As everyone in the Mac universe knows, the latest version of Apple’s productivity “suite,” iWork ’08 now has a spreadsheet application, Numbers. Of course, this has lead many to speculate what this means for Microsoft Office, in particular, the upcoming Office 2008. However, I’m not sure that’s really framing it correctly.
I don’t think iWork ’08 is a direct shot at Office on either Windows or the Mac. That would imply that Apple is taking a Microsoftian turn here, and designing a product to “beat” the competition. Anyone looking at iWork ’08 for more than ten minutes will realize that, no, it doesn’t “beat” Microsoft Office, or even Open Office. The list of differences is huge, including full read/write round-trip support for Microsoft’s OpenXML format.
But Apple is not Microsoft. They don’t design applications based on what the competition is doing. Oh sure, they keep the competition in mind. So Numbers can deal with Excel files, Pages talks to Word, and Keynote talks to Powerpoint. Pages gained Word-compatible change tracking. But that’s more of a nod to user convenience.
Take a look at Numbers. That application is not designed to woo hardcore enterprise Excel users. Even outside of a complete lack of automation/macro capability, Numbers doesn’t have as many formulae, etc. Pages can’t deal with things like embedded spreadsheet objects a la Word. Yes, I can copy and paste data from Numbers into Pages, but I can’t embed a spreadsheet into Pages, make changes in Numbers, and have those changes propagate to the Pages document. Numbers has no macro or scripting facility, so you can’t do the kinds of automation that are common for Excel documents in the enterprise. Really, the only application in Office that iWork beats coming and going is PowerPoint. Keynote just destroys it. But that’s really the only one.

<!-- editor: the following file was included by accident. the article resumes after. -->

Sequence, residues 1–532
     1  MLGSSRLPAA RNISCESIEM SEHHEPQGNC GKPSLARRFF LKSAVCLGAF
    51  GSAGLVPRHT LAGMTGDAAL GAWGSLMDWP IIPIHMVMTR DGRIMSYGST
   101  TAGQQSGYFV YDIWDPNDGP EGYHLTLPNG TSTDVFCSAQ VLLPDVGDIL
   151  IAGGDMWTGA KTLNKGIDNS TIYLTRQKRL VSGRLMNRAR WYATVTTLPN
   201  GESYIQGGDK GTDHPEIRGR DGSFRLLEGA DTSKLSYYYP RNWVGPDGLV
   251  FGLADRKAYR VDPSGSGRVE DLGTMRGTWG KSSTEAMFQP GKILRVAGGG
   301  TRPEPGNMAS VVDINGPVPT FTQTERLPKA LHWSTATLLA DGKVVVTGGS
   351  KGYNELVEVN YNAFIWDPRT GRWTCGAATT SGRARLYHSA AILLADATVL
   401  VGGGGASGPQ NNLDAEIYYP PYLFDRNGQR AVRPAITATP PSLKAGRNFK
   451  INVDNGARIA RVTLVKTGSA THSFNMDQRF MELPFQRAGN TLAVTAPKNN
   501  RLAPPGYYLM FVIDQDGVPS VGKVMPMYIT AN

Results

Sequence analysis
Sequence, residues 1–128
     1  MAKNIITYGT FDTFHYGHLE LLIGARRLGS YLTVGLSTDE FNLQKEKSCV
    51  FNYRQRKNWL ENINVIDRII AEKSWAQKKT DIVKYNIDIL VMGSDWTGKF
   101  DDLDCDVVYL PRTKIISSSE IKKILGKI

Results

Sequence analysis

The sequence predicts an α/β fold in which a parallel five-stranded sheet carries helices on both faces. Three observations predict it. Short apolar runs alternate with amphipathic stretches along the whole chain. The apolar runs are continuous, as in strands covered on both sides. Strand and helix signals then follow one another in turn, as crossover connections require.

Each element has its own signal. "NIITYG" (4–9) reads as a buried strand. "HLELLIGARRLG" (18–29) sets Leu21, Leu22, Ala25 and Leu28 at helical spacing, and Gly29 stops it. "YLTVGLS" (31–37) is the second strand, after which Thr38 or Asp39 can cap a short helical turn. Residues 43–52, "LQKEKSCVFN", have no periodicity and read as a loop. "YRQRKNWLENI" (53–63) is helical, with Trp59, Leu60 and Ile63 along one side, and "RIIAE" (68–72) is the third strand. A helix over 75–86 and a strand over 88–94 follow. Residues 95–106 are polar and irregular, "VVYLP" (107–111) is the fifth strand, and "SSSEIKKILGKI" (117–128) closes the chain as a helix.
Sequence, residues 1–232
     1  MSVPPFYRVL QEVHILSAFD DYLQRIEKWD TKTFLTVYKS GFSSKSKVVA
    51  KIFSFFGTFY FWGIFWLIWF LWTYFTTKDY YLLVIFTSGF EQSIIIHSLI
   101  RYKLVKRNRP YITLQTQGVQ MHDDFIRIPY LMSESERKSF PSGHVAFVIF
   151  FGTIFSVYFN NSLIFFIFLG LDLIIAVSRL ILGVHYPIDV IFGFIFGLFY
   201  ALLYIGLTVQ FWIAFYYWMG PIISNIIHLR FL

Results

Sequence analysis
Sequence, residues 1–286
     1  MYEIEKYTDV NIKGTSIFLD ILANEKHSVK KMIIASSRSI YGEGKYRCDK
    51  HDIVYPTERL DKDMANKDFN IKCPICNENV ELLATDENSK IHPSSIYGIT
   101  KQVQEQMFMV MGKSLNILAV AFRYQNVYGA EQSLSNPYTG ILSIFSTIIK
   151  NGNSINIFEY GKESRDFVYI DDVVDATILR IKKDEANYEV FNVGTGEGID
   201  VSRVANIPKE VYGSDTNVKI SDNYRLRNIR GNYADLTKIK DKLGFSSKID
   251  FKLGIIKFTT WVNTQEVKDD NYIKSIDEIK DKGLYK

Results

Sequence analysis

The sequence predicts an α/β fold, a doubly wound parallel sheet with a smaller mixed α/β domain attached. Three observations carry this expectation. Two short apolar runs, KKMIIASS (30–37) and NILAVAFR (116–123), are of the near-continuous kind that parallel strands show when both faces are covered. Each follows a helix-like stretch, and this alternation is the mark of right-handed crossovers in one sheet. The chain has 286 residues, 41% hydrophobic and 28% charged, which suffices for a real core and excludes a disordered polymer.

Apple’s not stupid. If they wanted to make Numbers a competitor for Excel, or even a reincarnated Improv, they could have. If they wanted to make Pages into a Word-beater, it’s not beyond their abilities. They couldn’t do it “with ease,” but Apple could do it. So why didn’t they make iWork ’08 a competitor for Office?
There’s a laundry list of reasons why, but my current favorite is that Apple isn’t after the enterprise business market. (By “enterprise business”, I mean companies and corporations with over a thousand computers. Higher Ed certainly resembles an enterprise, but it’s different, and Apple does well there.)
Microsoft Office has, over the years, become an excellent enterprise product, especially when you add in things like Sharepoint and Live Meeting, nee Netmeeting. (I’m really not sure what it’s called anymore, Microsoft changes names so fast, you need a telepathic link to Redmond to keep up, and no one pays me that well.) Microsoft Office is no longer a product, but rather an infrastructure that is built with the enterprise in mind. (This is one reason why if the OpenOffice people think that simply having a competitor to Word/Excel/PowerPoint/Access/Outlook is going to make them king of the productivity suite mountain, they need to get outside and get some oxygen.)
However, as Office becomes a better fit for big enterprise, it starts to lose its attraction to the SMB market. Face it, Word really is intimidating as heck, and overblown for what I’ll risk saying is a majority of SMB needs. Sharepoint for a fifty-, or even a hundred-person shop? Consider all the requirements for Sharepoint. They’re rather huge and expensive. Same thing with Outlook, which really only shines with Exchange, which requires Active Directory, and then you need IIS for webmail…